A real electoral duel between the P.J.D. and the P.A.M.? Analysing constituency-level competitiveness in the 2016 Moroccan elections

By: Inmaculada Szmolka

Abstract: This article examines electoral competitiveness between the two main contenders in Morocco’s 2016 legislative elections, i.e. the Islamist Party of Justice and Development (P.J.D.) and the pro-monarchy Party of Authenticity and Modernity (P.A.M.). In contrast with electoral results at the national level, which reflect a high parliamentary competitiveness between these two parties, the analysis of competitiveness at the local constituency level (92 electoral districts) leads to quite different conclusions. The degree of local standard competitiveness between the P.J.D. and the P.A.M. was generally very low and, in most of the districts, the Islamists held a large advantage over the P.A.M. Other third parties also played a significant role and became the voters’ first or second choice in some districts, with the effect of increasing parliamentary fragmentation and decreasing competitiveness between the P.J.D. and the P.A.M. Thus, the proportional system used in a large number of districts contributed to achieving the monarchy’s aim of avoiding a predominant party. Also, the central role played by the loyalist National Rally of Independents (R.N.I.) in blocking the coalition government talks after the elections questions the idea that the Moroccan party system is becoming polarized between the P.J.D. and the P.A.M.

Persian ‘Rashti jokes’: modern Iran’s palimpsests of gheyrat-based masculinity

By: Mostafa Abedinifard

Abstract: For almost a century, a Persian ethnic joke cycle has circulated among Iranians about the men and women of the northern Iranian city of Rasht, labelling them as cuckolds and promiscuous women. A foray into the historical background and possible (gendered) functions of these jokes is long overdue. I argue that the central motif of Rashti jokes is gheyrat—a gendered social construct based on a man’s sense of honour, possessiveness and protectiveness towards certain female kin—which remains pivotal to our understanding of the texts and the historical context of the jokes. Critically reviewing extant theories on the historical origins of Rashti jokes, I argue they have roots in two modern phenomena: (a) debates among turn-of-the-twentieth-century Iranian thinkers over women’s (un)veiling; and (b) Reza Shah’s methodical promotion of an Aryanist, pan-Persian ideology. Focusing on the gender-disciplinary functions of the jokes, I then show how some contemporary Rashti jokes are deployed to project and inscribe gender-hierarchical notions that clearly surpass the jokes’ immediate, ethnic targets by commenting on broad socio-political topics. Such instances suggest that as a culture-wide joke cycle, Rashti jokes may also reinforce a form of Iranian masculinity obsessed with gheyrat-motivated control and aggression.

Colonial education and the shaping of Islamism in Sudan, 1946–1956

By: Willow Berridge

Abstract: This article assesses the role of British colonial education in Condominium Sudan in shaping the mindsets of Sudan’s first generation of Islamists between 1946 and 1956. Drawing on post-colonial theorists such as Nandy and Bhabha, it contends that the experiences of the pioneers of Sudan’s Islamic movement at institutions such as Gordon Memorial College and Hantoub Secondary School moulded their understandings of both ‘modernity’ and ‘tradition’. As a result of their colonial education, Islamists deployed discourses concerning both ‘progress’ and ‘cultural authenticity’ that bore remarkable parallels with colonial essentialism, even as they announced a decisive break with the colonial past. Much like the conventional nationalists, they used the space created by the colonial educational institutions to establish an ideological community that transcended the narrow ethnic and regional divides previously fostered by the British. At the same time, Islamists and colonialists alike shared a contempt for Marxists and ‘deculturated’ effendis, and Muslim Brothers’ aspirations to escape the ‘English jahiliyya’, however counter-intuitive this may seem, bore similarities with the worldviews of colonial officials concerned with preventing what they saw to be the excessive impact of urbanization and modern education on Sudan.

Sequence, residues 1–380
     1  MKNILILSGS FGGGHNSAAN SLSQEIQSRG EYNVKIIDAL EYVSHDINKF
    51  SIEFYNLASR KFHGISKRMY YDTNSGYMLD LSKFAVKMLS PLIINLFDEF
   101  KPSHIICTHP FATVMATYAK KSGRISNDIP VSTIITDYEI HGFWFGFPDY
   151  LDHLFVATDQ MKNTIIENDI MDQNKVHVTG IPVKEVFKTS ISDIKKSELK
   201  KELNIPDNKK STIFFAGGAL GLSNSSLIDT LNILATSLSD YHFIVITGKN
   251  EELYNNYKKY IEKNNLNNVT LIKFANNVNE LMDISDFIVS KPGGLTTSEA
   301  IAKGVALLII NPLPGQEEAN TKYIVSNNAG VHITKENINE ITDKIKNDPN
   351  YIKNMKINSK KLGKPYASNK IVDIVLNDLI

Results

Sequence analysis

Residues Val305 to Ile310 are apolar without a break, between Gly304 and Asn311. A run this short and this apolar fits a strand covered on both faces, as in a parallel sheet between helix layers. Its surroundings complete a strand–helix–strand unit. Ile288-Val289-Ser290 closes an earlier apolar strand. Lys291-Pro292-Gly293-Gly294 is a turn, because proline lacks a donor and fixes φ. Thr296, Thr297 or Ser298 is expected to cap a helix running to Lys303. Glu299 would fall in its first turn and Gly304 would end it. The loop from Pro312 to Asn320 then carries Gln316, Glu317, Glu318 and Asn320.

Israel’s citizenship policy since the 1990s—new challenges, (mostly) old solutions

By: Assaf Shapira

Abstract: Israel’s highly restrictive citizenship policy constitutes the clearest indicator of its dominant ethnic model of citizenship. However, this policy has faced new challenges since the early 1990s, following the mass migration of non-Jewish immigrants. This paper examines and characterizes changes in immigrants’ entitlement to Israeli citizenship since the 1990s. It indicates that while Israel’s traditional citizenship policy has not undergone any significant change, two trends are evident: a much more restrictive policy towards Arab immigrants; and a somewhat more inclusive policy concerning other immigrants. To explain how these conflicting trends have coexisted, this study identifies three major characteristics of the Israeli policy: widespread use of the ‘divide and rule’ technique; managing policy through bureaucratic decisions; and the growing assimilation of liberal and republican principles into Israel’s citizenship policy, although without undermining—on the contrary, even reinforcing—the dominant ethnic model of citizenship. These findings indicate that although the dominant ethnic citizenship model in Israel remains stable, and can successfully tackle significant obstacles, limited opportunities exist for greater inclusion of specific non-Jewish populations within the Israeli polity.

The Islamic Revolutionary Guards Corps in the Iran–Iraq war: an unconventional military’s survival